Photo via Cryos International
Officials for Cryos International, which bills itself as "the world's largest sperm and egg bank," say the Orlando company will not release any samples collected starting Monday until the U.S. Food and Drug Administration approves a donor screening test for the Zika virus.
State and federal officials announced Friday
that four cases of the virus in Miami-Dade and Broward Counties were likely the first transmission of Zika by local mosquitoes in the continental United States. While the majority of people infected show none of the mild symptoms associated with the virus, Zika has been linked to Guillain-Barré syndrome, a severe neurological disorder that causes temporary paralysis, and fetal birth defects such as microcephaly. The FDA ordered blood collection centers in Dade and Broward Counties to stop accepting blood donations until it can be tested for Zika, according to The Washington Post
Though a local Zika transmission has not happened in Central Florida, Cryos expects the directive for blood centers in South Florida will apply to the rest of the state and eventually places like them that collect other tissue products. In February, Cryos started deferring donors who had traveled to Zika-affected areas for six months.
Normally, the FDA requires that sperm samples be kept in quarantine for six months prior to release for safety reasons but does not require the same of egg samples, says the company's vice president Angel Tillis. Both egg and sperm donors are required to get blood drawn during the collection process, which Cryos usually tests for diseases and quickly disposes.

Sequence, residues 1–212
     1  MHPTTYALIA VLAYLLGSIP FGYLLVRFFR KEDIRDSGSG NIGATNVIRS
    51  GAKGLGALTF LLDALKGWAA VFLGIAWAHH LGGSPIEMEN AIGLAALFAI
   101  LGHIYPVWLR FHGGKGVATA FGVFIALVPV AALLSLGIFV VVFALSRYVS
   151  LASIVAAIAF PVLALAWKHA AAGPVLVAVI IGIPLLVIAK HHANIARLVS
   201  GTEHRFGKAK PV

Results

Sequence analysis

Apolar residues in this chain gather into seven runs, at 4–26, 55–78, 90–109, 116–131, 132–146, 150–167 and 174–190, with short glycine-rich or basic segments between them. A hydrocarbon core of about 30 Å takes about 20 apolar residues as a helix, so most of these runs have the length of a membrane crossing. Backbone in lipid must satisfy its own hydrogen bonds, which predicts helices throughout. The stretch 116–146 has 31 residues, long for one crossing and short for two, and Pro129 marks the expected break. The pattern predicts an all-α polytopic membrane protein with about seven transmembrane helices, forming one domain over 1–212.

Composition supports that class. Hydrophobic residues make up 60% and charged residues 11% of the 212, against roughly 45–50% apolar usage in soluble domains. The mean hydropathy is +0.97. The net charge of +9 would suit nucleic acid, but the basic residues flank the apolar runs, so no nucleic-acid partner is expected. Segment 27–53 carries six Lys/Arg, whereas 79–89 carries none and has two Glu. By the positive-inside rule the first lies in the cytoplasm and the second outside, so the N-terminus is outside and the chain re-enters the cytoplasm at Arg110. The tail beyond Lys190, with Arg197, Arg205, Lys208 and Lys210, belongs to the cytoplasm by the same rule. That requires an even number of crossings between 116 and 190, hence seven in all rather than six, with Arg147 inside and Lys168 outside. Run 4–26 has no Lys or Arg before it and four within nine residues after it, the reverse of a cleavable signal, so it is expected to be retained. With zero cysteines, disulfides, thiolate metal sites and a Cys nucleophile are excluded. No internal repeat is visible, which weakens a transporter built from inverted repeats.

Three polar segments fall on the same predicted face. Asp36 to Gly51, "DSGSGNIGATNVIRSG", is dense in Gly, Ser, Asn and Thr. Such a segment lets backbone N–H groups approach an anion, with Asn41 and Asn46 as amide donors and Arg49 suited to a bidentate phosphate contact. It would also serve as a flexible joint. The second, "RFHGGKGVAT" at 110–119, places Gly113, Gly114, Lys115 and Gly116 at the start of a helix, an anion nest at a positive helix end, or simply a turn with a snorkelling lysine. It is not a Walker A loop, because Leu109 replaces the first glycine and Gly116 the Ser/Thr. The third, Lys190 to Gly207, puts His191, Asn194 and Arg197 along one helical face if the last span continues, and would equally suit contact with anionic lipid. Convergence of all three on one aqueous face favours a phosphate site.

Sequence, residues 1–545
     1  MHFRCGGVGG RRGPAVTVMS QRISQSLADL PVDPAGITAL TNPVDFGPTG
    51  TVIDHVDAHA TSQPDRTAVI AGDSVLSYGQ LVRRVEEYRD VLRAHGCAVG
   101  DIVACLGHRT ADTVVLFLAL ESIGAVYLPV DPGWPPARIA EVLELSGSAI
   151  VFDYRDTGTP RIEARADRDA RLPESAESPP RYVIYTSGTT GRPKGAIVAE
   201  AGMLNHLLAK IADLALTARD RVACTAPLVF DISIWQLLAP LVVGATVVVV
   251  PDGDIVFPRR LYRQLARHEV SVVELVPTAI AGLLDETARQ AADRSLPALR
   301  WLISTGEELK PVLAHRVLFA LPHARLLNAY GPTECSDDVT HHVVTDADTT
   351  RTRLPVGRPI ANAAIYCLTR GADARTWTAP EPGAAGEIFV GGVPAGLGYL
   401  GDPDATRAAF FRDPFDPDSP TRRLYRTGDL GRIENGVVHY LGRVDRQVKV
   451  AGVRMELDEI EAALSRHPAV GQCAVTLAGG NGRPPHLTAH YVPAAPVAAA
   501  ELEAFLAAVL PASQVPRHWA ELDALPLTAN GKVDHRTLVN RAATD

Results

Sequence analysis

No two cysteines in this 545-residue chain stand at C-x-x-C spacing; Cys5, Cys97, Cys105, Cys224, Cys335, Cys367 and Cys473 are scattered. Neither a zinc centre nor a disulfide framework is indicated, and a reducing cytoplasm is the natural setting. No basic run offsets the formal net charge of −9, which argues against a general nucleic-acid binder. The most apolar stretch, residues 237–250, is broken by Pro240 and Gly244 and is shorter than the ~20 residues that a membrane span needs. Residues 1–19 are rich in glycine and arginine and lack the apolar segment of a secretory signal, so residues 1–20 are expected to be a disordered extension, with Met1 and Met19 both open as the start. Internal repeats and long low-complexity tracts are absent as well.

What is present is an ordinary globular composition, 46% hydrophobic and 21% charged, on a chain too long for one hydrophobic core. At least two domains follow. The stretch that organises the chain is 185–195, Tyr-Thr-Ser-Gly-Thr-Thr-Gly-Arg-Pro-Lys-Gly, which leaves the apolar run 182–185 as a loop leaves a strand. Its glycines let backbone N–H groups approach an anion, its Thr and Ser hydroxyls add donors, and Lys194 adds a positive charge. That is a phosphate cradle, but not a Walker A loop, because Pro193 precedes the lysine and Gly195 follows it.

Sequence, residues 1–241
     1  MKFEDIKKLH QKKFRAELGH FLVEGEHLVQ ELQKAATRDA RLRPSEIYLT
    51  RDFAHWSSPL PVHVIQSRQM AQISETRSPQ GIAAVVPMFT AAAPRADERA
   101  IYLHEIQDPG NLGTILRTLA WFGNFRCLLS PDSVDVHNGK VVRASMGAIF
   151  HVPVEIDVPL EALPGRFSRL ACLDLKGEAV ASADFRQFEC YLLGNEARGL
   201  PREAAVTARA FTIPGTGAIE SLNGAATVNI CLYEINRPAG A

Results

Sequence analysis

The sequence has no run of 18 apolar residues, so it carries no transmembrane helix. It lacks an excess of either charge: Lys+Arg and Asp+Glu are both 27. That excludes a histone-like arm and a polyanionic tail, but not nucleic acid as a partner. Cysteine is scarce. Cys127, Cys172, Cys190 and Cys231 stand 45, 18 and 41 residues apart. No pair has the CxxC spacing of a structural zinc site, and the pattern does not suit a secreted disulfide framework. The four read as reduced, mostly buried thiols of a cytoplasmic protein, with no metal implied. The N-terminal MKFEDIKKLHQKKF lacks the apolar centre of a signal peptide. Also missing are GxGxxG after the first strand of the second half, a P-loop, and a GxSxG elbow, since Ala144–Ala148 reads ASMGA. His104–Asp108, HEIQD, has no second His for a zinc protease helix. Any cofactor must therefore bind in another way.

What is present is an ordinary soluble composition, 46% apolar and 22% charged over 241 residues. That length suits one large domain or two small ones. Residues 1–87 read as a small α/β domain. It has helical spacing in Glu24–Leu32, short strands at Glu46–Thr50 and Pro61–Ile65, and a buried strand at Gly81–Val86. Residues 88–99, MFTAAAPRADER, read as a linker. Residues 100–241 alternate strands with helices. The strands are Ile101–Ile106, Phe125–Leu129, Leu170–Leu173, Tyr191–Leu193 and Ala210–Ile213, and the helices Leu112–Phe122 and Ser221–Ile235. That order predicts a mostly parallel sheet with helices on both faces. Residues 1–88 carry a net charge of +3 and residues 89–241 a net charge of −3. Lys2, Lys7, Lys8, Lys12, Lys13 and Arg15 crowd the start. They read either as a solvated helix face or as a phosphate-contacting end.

"In order to get in front of the upcoming requirements of the FDA, and to ensure the highest level of client service, Cryos is being proactive and is leading the way in prevention," she says in a statement. "Immediately Cryos will begin storing blood samples from all sperm and egg donors until the FDA approves a donor screening test. At that time, we will test and confirm the donor is Zika-free prior to releasing the specimens for sale."
In an interview, Tillis says Cryos' tissue bank director Corey Burke came up with the plan. Zika can be transmitted through semen and vaginal fluids, and the virus has been shown to remain in semen for at least 90 days.
"We don't believe eggs can carry it," Burke says. "It's more to do with body fluids. When we get the eggs from the ovaries, they're washed several times. The likelihood of virus transmittal is intensely small. My concern is more for the sperm than eggs, as far as transmitting the virus."
Tillis says this will not affect the company too much in terms of sales.
"Sperm has to be quarantined for six months anyway," she says. "For eggs it's a different story because we can retrieve them and sell them the next day, but we don't believe the FDA is going to be that long in getting the test done."